Therefore, to maintain the integrity of the talent acquisition process and to align the consultant's motivations with the client's long-term success, it's crucial for headhunting or recruitment consulting firms to move away from commission-based compensation models.

As a testament to the viability of this approach, my company, Headhunter: Indonesia®, has successfully eliminated commissions and any other form of variable pay to consultants for successful candidate placements since January 2020—and since then our business has been doing just fine, while maintaining high-level of clients' satisfaction.

A Call to Action, Not Just Criticism

In summary, the talent acquisition system in Indonesia isn't just flawed—it's fundamentally broken.

But let's be clear: it's not beyond fixing.

By paying attention to the overlooked mistakes that even seasoned business leaders, internal recruiters, and headhunters make, and by putting research-backed strategies into action, companies can fix them all to build a better and stronger talent pipeline.

This isn't just theory; it's a practical roadmap to long-term business success.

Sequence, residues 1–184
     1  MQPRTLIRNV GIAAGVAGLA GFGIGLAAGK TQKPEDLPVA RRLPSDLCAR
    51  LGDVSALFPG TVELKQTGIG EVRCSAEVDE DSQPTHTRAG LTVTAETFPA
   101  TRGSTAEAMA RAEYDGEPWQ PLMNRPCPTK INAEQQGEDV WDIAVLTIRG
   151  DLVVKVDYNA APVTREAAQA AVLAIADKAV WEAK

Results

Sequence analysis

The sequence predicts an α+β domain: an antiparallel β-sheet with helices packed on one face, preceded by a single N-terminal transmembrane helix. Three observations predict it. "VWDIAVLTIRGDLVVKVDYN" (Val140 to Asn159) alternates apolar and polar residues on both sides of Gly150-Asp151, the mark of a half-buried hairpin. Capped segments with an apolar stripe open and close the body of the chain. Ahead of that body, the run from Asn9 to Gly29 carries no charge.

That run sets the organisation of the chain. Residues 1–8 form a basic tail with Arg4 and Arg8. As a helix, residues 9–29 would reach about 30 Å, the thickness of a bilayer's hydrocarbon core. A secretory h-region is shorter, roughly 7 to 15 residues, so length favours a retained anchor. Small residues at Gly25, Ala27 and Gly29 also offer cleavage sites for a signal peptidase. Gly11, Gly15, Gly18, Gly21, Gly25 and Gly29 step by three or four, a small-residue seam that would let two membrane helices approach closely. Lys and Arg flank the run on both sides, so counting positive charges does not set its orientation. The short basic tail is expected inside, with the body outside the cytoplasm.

Lastly, I want to make one thing clear: I didn't write this article just to point out problems or to complain.

In fact, I didn't have to write this article at all.

My businesses -- Headhunter: Indonesia® and The Positive Workplace™ -- are doing well, despite encountering numerous issues in the flawed talent acquisition process as mentioned above.

Yes, these challenges have even led us to turn down potential collaborations with some companies as new clients because our philosophies on hiring don't align.

But given our nation's vast population and abundant resources, we possess unique competitive advantages that, if leveraged correctly, can drive us toward prosperity.

Through this article and as part of a moral imperative, I just want to make a meaningful contribution (no matter how small it might be) by sharing my professional expertise and point of view to gradually improve talent acquisition practices in Indonesia.